The regional hosepipe ban has become an annual event almost as regular as Easter itself. But while millions of Britons all over southern England will be understandably peeved over being unable to water gardens and hose down patios over the coming weeks, it is important and timely to remind ourselves of the vast amount of water that's squandered every year on animal agriculture.
Around 90% of the world's total managed water supply is used to grow food. Most of this is completely wasted by irrigating land used to grow crops for livestock rather than food for direct consumption by humans. A staggering one-third of the world's total cereal crop and more than 90% of the world's soya crop is used for animal feed. The water that it takes to grow all that, plus what it takes to clean away the filth of factory farms, transport trucks and abattoirs, means that the livestock industry is placing a serious strain on our water supply, and not surprisingly, most of the water comes from the countries that have the least.
These revelations have led to an influential UN report naming the livestock sector "one of the top two or three most significant contributors to the most serious environmental problems, at every scale from local to global". The 2006 report, Livestock's Long Shadow, highlighted freshwater scarcity among the many environmental problems and called the livestock sector "a key player in increasing water use" and "probably the largest sectoral source of water pollution."
It takes, on average, 15,500 litres of water to produce one kilogram of beef. To put this in context, that is the equivalent of 50 baths of water to produce one steak - 15 times more water than is needed to produce one kilogram of wheat. To produce the diet of a typical meat-eater takes the equivalent of 5,000 litres of water per day - more than enough to water your garden and the gardens of all your neighbours as well.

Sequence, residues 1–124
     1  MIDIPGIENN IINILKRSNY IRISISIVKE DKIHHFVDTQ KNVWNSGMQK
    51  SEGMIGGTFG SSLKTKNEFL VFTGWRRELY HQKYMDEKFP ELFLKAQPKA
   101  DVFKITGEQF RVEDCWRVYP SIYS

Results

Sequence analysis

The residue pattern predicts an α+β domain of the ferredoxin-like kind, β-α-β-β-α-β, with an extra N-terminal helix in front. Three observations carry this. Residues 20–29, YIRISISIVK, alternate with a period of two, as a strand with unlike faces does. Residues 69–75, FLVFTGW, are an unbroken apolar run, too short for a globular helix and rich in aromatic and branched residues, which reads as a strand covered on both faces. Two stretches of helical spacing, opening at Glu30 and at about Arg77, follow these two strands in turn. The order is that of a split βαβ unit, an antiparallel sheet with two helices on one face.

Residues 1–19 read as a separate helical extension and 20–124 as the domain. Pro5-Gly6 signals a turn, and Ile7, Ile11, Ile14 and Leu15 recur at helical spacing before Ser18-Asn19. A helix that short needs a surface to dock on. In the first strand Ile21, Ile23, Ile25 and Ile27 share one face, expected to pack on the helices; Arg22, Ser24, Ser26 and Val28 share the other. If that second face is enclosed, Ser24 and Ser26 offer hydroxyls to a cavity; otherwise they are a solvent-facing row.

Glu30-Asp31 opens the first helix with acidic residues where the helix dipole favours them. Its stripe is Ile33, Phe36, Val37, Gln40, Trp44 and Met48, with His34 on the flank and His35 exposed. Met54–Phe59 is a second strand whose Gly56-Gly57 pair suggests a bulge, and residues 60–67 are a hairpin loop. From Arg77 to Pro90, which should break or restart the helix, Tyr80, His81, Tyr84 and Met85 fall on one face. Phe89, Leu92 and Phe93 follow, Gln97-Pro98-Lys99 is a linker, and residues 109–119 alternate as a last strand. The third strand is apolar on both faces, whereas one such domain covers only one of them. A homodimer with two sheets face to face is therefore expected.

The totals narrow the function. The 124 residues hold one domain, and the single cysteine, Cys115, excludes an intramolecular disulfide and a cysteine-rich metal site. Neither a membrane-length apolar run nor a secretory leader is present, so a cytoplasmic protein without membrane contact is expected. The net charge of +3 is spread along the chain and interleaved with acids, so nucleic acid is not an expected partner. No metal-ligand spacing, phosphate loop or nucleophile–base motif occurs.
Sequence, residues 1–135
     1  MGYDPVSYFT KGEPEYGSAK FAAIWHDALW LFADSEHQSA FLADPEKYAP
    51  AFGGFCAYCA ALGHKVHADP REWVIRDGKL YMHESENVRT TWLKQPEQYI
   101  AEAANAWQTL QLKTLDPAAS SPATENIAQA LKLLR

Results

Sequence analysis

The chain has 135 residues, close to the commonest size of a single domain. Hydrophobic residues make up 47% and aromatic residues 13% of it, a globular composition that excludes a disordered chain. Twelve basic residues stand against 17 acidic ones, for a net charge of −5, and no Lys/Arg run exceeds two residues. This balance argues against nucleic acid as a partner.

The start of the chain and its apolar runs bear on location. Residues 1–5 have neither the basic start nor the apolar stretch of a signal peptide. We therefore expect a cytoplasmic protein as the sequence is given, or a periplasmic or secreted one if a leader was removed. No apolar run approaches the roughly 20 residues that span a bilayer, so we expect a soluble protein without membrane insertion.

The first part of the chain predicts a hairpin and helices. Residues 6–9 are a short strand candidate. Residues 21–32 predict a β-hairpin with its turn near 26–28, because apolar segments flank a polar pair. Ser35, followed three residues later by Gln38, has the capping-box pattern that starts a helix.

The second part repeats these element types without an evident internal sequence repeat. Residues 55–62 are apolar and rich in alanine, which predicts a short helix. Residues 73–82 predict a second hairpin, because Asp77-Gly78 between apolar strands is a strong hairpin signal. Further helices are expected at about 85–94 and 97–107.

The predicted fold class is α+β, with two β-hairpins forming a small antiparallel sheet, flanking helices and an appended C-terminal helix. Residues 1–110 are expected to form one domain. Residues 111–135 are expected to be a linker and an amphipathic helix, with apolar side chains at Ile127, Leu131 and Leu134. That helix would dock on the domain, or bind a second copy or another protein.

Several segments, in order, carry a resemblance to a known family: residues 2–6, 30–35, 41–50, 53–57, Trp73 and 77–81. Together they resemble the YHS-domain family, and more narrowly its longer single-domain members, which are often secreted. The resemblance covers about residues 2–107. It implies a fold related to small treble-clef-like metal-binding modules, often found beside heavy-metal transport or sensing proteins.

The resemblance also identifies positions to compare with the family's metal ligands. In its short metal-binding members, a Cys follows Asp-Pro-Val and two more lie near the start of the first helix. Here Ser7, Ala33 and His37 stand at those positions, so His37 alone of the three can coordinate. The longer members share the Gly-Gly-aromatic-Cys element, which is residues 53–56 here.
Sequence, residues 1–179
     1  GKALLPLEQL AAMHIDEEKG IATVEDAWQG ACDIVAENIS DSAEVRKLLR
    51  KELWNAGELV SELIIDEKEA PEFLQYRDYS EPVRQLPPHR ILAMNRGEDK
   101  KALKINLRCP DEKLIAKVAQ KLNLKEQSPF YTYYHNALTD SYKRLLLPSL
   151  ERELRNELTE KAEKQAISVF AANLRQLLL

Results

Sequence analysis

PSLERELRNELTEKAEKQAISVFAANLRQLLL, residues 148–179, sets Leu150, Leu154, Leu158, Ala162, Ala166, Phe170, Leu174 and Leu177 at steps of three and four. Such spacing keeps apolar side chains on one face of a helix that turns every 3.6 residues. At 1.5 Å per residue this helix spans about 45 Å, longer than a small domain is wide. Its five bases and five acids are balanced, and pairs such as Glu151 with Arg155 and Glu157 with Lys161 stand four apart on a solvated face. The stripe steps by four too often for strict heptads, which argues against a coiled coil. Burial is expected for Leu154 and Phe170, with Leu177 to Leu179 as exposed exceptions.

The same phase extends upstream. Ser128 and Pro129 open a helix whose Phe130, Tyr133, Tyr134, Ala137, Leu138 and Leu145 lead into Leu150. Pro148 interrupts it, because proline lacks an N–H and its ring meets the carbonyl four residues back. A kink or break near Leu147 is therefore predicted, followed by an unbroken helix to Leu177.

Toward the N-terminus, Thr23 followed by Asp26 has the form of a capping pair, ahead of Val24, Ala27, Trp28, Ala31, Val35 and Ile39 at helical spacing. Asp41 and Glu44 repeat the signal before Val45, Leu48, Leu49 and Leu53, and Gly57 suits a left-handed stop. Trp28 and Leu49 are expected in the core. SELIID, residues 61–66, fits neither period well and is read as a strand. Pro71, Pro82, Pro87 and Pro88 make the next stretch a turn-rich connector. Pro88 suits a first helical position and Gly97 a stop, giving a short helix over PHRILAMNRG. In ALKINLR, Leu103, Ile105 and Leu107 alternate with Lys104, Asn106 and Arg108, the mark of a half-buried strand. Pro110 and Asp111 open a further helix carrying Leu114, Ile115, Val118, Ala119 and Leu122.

The aforementioned report concludes that the meat industry "should be a major policy focus when dealing with problems of land degradation, climate change and air pollution, water shortage and water pollution, and loss of biodiversity". And others have gone further than that.
A leading authority on climate change, Lord Stern, told The Times, "Meat is a wasteful use of water and creates a lot of greenhouse gases. It puts enormous pressure on the world's resources". He indicated that he favoured significantly higher prices for meat and other foods that contribute to climate change and concluded that "[a] vegetarian diet is better".
Similarly, in 2008, John Anthony Allan, a professor at King's College London and the winner of the prestigious Stockholm Water Prize, urged people worldwide to go vegetarian because of the tremendous waste of water involved in eating animals.
The most logical way for us to conserve water, land and other resources - and reduce animal suffering - is to kick our meat habit. We can save more water by not eating meat for just a few days than we can by not showering for an entire year. By going vegan, we'll be able to clean our cars and clear our consciences.
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